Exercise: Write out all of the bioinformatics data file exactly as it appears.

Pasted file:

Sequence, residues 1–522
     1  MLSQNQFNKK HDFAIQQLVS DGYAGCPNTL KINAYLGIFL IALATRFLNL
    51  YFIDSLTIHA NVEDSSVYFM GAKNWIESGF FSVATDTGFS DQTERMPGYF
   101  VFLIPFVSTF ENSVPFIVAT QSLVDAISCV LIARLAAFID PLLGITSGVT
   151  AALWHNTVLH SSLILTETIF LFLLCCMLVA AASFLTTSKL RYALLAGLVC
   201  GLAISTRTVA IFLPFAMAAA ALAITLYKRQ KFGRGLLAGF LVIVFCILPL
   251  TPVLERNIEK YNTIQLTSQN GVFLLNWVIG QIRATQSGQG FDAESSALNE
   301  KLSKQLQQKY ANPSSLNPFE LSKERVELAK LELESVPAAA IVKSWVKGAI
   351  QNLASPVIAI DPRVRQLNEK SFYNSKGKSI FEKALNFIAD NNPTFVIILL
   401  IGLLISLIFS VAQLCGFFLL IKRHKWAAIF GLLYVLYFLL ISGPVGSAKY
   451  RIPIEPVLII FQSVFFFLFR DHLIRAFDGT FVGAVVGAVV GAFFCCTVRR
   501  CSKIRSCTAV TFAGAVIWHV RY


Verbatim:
Sequence, residues 1–522
     1  MLSQNQFNKK HDFAIQQLVS DGYAGCPNTL KINAYLGIFL IALATRFLNL
    51  YFIDSLTIHA NVEDSSVYFM GAKNWIESGF FSVATDTGFS DQTERMPGYF
   101  VFLIPFVSTF ENSVPFIVAT QSLVDAISCV LIARLAAFID PLLGITSGVT
   151  AALWHNTVLH SSLILTETIF LFLLCCMLVA AASFLTTSKL RYALLAGLVC
   201  GLAISTRTVA IFLPFAMAAA ALAITLYKRQ KFGRGLLAGF LVIVFCILPL
   251  TPVLERNIEK YNTIQLTSQN GVFLLNWVIG QIRATQSGQG FDAESSALNE
   301  KLSKQLQQKY ANPSSLNPFE LSKERVELAK LELESVPAAA IVKSWVKGAI
   351  QNLASPVIAI DPRVRQLNEK SFYNSKGKSI FEKALNFIAD NNPTFVIILL
   401  IGLLISLIFS VAQLCGFFLL IKRHKWAAIF GLLYVLYFLL ISGPVGSAKY
   451  RIPIEPVLII FQSVFFFLFR DHLIRAFDGT FVGAVVGAVV GAFFCCTVRR
   501  CSKIRSCTAV TFAGAVIWHV RY